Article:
London’s strong intracity collaboration and interoperability are qualities that are receiving international attention
Earlier last year Singapore, London and Barcelona took pride of place as the top three most smart cities, according to Philips Lighting.
What made these cities smarter? Even Philips admits the ‘smart city’ moniker can be interpreted in various ways. London was commended for being community focused in its approach, Singapore for its forward-thinking use of buildings and transportation, and Barcelona for involving the top level of government. Digging into the report it seems like the methodology was more an attempt to demystify smart cities than arrive at any objective ranking.
Ahead of Smart IoT London, taking place at the ExCeL next week in London, we wanted to know if it’s actually possible to arrive at a universal concept of a smart city, and if so, to use it to measure the performance of London.
A smart city definition oft-recited is the following:
“A city can be defined as ‘smart’ when investments in human and social capital and traditional (transport) and modern (ICT) communication infrastructure fuel sustainable economic development and a high quality of life, with wise management of natural resources, through participatory action and engagement.”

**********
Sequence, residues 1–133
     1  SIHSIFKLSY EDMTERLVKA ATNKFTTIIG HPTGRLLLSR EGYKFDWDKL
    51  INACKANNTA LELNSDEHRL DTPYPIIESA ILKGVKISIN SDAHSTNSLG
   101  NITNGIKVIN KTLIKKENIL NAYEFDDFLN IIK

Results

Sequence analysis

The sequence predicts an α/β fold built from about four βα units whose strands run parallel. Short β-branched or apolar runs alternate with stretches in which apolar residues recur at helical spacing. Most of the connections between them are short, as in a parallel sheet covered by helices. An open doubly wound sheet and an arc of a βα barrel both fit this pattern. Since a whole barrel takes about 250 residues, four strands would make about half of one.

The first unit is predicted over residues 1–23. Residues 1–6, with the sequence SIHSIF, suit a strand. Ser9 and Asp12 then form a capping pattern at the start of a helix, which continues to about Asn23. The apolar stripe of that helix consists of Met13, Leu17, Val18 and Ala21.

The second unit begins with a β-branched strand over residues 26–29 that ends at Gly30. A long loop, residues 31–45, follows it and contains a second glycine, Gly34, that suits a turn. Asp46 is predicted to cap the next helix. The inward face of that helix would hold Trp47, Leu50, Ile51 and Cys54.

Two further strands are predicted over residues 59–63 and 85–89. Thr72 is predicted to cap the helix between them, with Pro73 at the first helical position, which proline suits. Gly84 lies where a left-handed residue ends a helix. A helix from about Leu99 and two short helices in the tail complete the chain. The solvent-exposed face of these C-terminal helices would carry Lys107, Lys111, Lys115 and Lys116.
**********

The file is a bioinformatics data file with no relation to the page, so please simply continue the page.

The “modern ICT infrastructure” is now well defined, consisting of smart IoT sensed devices that collect data that is then analysed and used to manage assets and resources efficiently, and also refers to autonomous transport systems powered by machine learning and 5G.
But parsing out the technology from the effects, smart cities mean different things to different people. Does this mean arriving at a shared definition is a fool’s errand? For Ben Hawes, Government policy lead on Smart Cities, the term is not inaccurate just “broad”.
“I think it does describe a genuine area and shared aspiration, particularly in public policy terms. But to have a definite conversation about a particular issue or solution, you generally have to drill down to a more specific term,” he says.
There are two interlinked aspirations driving smart city developments. The first is a financial incentive emanating from the public sector. Governments want to cut costs, and given the purported savings, that incentive is red hot. Financial value derived from smart cities will be delivered directly to the council: improving the quality and efficiency of services: transportation, energy, planning and utilities to reduce wastage and costs. 5G connectivity, for instance, will underpin a more efficient London transportation network by helping to reduce congestion.
The second value derived is experiential: improving the day-to-day city experience for citizens. 5G connectivity will allow TfL to more accurately inform commuters of (via data received through connected lampposts and bus stops) the least congested routes on any given day.